From today, 1 October 2014, employees and agency workers who have a “qualifying relationship” with a pregnant woman or her expected child are entitled to take unpaid time off during working hours to accompany the woman to two antenatal appointments.
This new right supplements the existing right of pregnant women to paid time off for such appointments.
Who is Entitled to Unpaid Time Off?
The new right applies to employees or agency workers who are:
The child’s father
The pregnant woman’s spouse, civil partner or partner (of either sex) in an enduring relationship
An intended parent of the child in a surrogacy arrangement, where he or she expects to be entitled to, and intends to apply for, a parental order in respect of the child.
For employees, the right is available from the start of their employment. For agency workers the right is subject to the standard 12 week qualifying period.
How Much Time Off is Allowed?
The statutory entitlement is limited to two appointments, capped at 6.5 hours unpaid leave each time, i.e., a total of 13 hours. This covers travelling time, waiting time and the appointment itself.
Employers, agencies and hirers are, of course, free to improve on the statutory entitlement by offering more time and/or paid time off.
Employees can also request to use annual leave to take extra time.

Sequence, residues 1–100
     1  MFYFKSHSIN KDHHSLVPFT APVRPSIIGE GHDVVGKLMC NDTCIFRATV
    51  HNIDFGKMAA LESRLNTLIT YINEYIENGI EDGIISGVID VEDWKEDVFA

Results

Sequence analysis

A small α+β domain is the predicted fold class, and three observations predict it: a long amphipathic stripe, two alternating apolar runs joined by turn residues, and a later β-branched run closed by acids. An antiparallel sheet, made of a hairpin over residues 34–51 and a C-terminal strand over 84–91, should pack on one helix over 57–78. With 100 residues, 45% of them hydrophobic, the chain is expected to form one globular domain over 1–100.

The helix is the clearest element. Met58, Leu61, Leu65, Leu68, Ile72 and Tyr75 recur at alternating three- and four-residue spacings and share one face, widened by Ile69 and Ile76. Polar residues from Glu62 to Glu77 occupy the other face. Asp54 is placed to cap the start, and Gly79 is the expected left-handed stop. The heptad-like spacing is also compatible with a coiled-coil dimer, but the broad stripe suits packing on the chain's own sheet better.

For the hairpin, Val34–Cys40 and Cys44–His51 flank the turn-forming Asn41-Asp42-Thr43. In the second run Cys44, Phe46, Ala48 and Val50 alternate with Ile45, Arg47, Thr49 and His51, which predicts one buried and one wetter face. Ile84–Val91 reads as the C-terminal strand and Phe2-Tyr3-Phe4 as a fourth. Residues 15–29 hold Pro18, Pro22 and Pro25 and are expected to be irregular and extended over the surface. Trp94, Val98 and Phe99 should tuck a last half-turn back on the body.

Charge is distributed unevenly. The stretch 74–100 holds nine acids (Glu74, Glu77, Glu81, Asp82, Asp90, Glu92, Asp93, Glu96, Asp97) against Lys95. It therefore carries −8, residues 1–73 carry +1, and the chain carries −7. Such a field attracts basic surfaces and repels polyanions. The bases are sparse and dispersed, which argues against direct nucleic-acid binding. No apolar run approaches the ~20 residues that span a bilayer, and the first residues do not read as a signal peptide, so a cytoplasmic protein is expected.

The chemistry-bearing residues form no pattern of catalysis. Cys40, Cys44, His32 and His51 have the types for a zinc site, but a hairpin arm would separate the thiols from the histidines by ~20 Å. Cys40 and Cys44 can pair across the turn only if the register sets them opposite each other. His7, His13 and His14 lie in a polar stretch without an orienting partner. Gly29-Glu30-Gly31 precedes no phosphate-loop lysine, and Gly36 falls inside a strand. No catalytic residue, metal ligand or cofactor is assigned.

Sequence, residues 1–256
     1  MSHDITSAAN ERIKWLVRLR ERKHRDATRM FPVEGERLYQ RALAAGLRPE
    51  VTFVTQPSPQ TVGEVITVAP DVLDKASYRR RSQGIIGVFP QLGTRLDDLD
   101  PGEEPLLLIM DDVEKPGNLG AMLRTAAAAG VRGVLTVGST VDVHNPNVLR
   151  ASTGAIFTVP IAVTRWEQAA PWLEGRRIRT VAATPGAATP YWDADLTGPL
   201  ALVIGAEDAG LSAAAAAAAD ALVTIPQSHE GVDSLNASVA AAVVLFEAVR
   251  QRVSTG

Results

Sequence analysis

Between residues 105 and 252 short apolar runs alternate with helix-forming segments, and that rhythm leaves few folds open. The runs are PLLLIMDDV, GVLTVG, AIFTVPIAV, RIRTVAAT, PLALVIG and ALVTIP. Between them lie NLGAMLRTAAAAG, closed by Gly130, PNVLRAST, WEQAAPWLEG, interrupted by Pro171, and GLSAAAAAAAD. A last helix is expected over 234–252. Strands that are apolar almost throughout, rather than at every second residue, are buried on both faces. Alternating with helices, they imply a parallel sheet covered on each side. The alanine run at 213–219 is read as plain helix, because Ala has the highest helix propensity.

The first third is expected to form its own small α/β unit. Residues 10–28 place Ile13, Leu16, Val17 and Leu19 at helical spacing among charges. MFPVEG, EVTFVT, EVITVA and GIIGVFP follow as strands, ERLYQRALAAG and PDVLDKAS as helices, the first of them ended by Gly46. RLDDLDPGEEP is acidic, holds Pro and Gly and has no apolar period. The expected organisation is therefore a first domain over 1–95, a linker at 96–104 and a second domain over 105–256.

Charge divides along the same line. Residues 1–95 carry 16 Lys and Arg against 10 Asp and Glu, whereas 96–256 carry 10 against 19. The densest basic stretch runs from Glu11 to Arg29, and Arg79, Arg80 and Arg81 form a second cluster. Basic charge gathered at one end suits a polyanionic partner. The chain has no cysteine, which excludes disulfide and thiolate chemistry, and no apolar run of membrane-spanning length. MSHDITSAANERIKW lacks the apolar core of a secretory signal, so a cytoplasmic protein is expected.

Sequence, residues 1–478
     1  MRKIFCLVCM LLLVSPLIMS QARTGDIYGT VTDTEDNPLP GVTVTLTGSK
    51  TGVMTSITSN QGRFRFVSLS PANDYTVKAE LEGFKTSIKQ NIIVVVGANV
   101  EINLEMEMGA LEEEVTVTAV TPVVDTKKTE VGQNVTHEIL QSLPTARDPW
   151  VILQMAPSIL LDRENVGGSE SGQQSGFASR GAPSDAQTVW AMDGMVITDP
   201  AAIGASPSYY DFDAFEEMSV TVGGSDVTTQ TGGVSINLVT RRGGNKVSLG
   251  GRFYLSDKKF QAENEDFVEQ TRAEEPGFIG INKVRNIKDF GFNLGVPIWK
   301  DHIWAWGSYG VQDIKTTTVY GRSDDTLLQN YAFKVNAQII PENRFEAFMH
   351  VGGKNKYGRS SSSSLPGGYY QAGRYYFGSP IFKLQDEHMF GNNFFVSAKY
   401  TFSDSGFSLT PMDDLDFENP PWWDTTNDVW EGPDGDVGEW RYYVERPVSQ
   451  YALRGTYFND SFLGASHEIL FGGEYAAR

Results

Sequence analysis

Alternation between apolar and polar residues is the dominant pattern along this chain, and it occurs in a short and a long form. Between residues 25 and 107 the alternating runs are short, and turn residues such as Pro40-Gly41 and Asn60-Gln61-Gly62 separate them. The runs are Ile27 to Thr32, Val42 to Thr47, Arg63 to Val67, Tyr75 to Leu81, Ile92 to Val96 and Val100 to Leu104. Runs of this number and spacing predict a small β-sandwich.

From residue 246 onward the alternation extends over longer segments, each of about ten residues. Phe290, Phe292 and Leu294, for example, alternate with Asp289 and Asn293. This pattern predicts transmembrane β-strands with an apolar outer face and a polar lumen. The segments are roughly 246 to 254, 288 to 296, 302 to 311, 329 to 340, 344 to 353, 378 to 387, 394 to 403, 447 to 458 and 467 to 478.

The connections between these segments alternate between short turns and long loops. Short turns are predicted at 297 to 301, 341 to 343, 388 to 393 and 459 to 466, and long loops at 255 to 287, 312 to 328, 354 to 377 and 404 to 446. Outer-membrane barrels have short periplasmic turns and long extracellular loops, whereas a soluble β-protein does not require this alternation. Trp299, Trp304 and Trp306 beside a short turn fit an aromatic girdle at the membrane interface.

What Evidence is Required?
Employers are entitled to request that the employee provides a signed declaration, which can be given electronically, including by e-mail, stating:
That he or she has a qualifying relationship with the pregnant woman or her expected child.
That the purpose of the time off is to accompany a pregnant woman to an antenatal appointment.
That the appointment has been made on the advice of a registered medical practitioner, midwife or nurse.
The date and time of the appointment.
What Could Go Wrong?
Employees or agency workers who are unreasonably refused time off for this purpose are entitled to apply to the Employment Tribunal for a declaration and compensation amounting to twice the hourly rate of pay for each of the hours they ought to have been granted as time off.
A difficulty for employers, however, is that the new regime offers no guidance as to when it will be reasonable for an employer to refuse a request. This will be a question for the Employment Tribunal to decide.
In addition, both employees and agency workers are protected from suffering any detriment for asking for, or taking, the time off and, in the case of employees, from dismissal for that reason.
What Steps Should Employers Take?
Employers should make managers aware of this new right, to ensure any requests are handled appropriately.
Existing relevant policies, e.g., policies indicating that employees should apply to take annual leave in such circumstances, should be reviewed and amended as necessary.